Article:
What happened to all the lithium? The question has stumped astronomers for decades. While cosmologists have successfully predicted the abundance of the other light elements from the Big Bang, lithium has always come up short. Now, a team of astronomers may have found the reason: lithium-rich asteroids are smashing into white dwarves.
As amazing as it sounds, we can use nuclear theory to understand the conditions of the universe when it was only a dozen minutes old. In that inferno, the lightest elements – hydrogen, helium, and lithium – got their start. Astronomers have been able to compare the predicted abundances of those elements to what they see throughout the universe, and everything matches up…except lithium.
It’s called the “cosmological lithium problem” because that’s exactly what it is. We know that this story of the Big Bang is largely correct, so where did all the lithium do?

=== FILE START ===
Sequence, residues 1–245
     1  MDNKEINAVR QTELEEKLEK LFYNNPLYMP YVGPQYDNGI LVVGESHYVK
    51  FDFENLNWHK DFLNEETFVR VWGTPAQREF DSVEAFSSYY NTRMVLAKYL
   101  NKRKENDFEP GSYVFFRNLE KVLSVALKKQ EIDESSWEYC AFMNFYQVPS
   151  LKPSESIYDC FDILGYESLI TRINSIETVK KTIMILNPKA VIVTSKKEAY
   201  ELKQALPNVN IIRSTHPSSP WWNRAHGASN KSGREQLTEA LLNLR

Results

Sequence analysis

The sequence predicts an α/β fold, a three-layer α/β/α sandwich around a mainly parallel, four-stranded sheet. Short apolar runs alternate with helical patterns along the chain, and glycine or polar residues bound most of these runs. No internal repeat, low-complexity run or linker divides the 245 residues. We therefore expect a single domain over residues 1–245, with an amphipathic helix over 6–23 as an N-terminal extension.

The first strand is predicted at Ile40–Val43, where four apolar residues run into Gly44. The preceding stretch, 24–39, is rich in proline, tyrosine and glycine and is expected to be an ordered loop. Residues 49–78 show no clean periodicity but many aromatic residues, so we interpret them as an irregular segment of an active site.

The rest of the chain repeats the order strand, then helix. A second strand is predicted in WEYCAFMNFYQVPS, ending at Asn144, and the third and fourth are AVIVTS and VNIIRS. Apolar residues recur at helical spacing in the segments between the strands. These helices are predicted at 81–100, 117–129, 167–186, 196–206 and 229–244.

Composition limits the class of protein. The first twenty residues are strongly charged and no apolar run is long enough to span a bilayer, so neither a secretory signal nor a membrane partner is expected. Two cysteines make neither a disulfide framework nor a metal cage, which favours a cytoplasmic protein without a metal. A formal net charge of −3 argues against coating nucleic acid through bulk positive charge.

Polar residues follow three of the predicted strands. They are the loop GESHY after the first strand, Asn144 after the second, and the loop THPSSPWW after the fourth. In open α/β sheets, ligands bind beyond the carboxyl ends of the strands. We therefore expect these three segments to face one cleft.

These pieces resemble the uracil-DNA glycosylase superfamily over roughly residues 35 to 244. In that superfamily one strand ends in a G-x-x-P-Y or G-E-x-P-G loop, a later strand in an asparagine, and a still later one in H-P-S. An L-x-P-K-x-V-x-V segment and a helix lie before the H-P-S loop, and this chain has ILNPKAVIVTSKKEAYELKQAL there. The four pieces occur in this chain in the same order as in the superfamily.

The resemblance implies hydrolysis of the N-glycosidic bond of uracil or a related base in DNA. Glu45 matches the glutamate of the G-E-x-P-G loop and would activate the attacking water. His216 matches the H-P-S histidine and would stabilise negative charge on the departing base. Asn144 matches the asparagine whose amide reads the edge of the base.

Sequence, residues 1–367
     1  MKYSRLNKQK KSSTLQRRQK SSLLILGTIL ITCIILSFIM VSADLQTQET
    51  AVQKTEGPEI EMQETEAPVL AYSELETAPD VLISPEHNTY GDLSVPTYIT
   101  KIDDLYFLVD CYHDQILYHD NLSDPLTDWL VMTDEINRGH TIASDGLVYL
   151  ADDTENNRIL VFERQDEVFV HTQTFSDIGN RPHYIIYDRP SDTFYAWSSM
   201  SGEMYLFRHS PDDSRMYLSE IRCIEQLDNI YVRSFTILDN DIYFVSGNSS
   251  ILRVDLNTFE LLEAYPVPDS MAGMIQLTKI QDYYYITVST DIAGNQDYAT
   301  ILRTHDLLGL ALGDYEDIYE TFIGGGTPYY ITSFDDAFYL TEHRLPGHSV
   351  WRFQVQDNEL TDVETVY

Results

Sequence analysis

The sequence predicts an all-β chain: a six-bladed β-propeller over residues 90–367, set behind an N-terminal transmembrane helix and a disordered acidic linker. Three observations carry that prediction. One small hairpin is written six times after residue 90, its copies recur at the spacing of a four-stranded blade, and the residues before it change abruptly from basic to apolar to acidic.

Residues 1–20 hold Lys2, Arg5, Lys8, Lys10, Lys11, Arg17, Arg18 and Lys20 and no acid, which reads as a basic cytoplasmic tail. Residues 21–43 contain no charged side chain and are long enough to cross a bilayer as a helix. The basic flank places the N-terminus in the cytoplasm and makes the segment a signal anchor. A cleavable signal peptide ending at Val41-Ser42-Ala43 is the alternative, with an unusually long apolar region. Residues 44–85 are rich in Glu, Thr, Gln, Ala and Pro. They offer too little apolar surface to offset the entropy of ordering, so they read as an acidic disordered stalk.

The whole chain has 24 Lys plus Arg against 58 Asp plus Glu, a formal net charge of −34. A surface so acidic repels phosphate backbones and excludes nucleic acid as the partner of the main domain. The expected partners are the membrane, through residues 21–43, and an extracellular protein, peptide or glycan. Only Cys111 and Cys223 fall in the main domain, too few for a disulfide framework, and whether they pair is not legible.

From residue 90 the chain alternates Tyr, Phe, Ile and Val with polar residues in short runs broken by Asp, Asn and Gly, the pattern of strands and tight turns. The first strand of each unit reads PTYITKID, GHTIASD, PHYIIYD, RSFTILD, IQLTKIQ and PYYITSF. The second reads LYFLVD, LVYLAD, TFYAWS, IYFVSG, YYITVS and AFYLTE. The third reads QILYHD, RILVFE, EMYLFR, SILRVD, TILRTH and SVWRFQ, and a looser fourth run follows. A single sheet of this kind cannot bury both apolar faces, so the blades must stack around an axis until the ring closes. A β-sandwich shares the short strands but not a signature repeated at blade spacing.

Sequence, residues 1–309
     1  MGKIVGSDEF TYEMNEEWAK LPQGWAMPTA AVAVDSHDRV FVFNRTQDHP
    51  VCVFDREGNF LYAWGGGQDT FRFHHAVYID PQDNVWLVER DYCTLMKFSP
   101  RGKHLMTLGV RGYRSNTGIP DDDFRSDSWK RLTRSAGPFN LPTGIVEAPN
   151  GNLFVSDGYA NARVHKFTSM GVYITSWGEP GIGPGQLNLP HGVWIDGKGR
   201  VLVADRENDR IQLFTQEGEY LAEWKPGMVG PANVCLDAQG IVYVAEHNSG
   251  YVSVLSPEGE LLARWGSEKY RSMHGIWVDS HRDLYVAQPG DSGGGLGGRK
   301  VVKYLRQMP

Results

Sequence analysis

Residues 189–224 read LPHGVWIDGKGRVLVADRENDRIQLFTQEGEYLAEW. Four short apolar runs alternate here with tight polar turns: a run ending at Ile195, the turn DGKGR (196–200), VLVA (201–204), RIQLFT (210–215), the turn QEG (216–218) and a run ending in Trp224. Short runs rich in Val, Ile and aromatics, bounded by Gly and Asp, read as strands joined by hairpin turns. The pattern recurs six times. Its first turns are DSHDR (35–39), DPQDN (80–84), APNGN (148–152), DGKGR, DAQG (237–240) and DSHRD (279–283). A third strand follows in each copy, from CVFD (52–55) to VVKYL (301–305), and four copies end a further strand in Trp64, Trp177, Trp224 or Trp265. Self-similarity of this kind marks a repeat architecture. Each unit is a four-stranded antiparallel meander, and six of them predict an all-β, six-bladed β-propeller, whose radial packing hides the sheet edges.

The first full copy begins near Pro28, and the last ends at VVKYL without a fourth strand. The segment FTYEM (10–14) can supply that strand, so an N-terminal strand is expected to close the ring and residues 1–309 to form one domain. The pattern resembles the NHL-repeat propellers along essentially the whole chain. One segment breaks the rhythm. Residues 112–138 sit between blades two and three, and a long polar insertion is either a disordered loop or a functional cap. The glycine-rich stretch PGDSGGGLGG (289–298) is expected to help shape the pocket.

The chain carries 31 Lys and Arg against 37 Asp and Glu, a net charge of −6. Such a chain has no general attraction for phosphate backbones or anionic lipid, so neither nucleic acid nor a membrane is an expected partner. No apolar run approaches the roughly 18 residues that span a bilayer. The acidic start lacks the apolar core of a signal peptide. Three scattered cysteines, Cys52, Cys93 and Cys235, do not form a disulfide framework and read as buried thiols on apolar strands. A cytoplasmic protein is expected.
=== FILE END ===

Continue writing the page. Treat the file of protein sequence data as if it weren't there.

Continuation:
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Wherever it is, it’s not in stars or interstellar gas clouds – we checked there.
And now a new survey by a team of astronomers with University of North Carolina Chapel Hill, University of Montreal and Los Alamos National Laboratory think they have the answer: white dwarves.
Using the Southern Astrophysical Research Telescope, the astronomers observed two very old white dwarf systems, whose planets formed over 9 billion years ago. Those planets are long gone, destroyed when their parent stars turned into white dwarfs.
But then pieces of those planets crashed into the white dwarfs, where the astronomers found signs of much more lithium than normal.
So potentially the missing lithium of the universe is bound up in planets and asteroids, and can only make itself visible to astronomers when those objects end up crashing into their parent stars. Only more observations will tell, and maybe we’ll finally find all that lithium.